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Using AI to Predict and Prepare for Natural Disasters
With over 6 inches of rain in three hours on Ellicott City in Maryland, the Main Street looked like river rapids, cars were tossed around like rubber ducks, for the second time in two years, in 2018. According to the predictions of the National Weather Service, such storms are supposed to occur once in a thousand years. Floods are common in Ellicott City, where the Patapsco River meets its tributaries, but they are getting worse since a natural sponge forest has been replaced by a concrete jungle in the name of development. The city was selected for a pilot program that would use automated sensors to deliver flood warnings to its residents.
A high-resolution map showing the ground plan from New York to southern Virginia until it drains into the Chesapeake Bay was created to ease the process of predicting and preparing for future floods. The map was generated from aerial imagery, using AI, to show the precise placement of objects on the ground. This was an expensive and time-consuming process but turned out to be highly effective. Microsoft aided in the training of AI to identify objects by itself, and eventually, AI can be used to refresh and update the map.
Detailed maps that are up-to-date with land usage will present in the planning of drainage systems that accommodate more water. Eventually, the map is expected to offer live dashboards and automated alert systems that issue a warning before additional development overwhelms the storm water management capacity. Additionally, the map has been used by the Urban Forestry Administration in Washington DC to identify places where stagnant water accumulates and for planting more trees in those areas.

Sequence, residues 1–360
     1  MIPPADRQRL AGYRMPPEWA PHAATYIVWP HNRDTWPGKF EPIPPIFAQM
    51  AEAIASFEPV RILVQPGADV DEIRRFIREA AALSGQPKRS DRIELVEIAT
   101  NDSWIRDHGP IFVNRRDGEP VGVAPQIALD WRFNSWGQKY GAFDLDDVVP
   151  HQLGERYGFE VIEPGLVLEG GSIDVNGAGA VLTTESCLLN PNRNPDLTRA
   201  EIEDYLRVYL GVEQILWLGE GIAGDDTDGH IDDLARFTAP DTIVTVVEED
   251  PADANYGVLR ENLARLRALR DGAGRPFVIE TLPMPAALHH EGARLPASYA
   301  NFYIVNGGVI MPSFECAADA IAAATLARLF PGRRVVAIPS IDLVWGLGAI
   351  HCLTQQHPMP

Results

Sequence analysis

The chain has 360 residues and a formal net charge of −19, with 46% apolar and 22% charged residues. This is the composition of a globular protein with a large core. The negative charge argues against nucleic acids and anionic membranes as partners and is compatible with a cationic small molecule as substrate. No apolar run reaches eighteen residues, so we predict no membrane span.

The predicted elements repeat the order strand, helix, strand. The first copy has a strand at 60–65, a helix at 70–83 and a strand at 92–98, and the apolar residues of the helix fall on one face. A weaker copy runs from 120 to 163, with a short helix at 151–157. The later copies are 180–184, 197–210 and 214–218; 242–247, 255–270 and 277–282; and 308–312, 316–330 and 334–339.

These techniques are being used across the globe. For example, Global Forest Watch offers weekly and monthly deforestation alerts using AI-powered algorithms developed by the University of Maryland. It is also being used in the oceans to map the world’s coral reefs. The amount of data gathered by the satellites employed to map the earth’s surface would have been indecipherable without the use of AI-based algorithms.
While mapping services have been used for conservation for a long time, data utilization has improved with the use of AI. Cloud computing and AI are providing deeper insights into planet health using a combination of sensor technologies and high-resolution imaging, resulting in an almost real-time readout of the planet’s vital signs. Microsoft is making its AI-mapping tool widely available, which is highly convenient for a society obsessed with the digital. AI on a planetary scale can be expected to become a commodity very soon.
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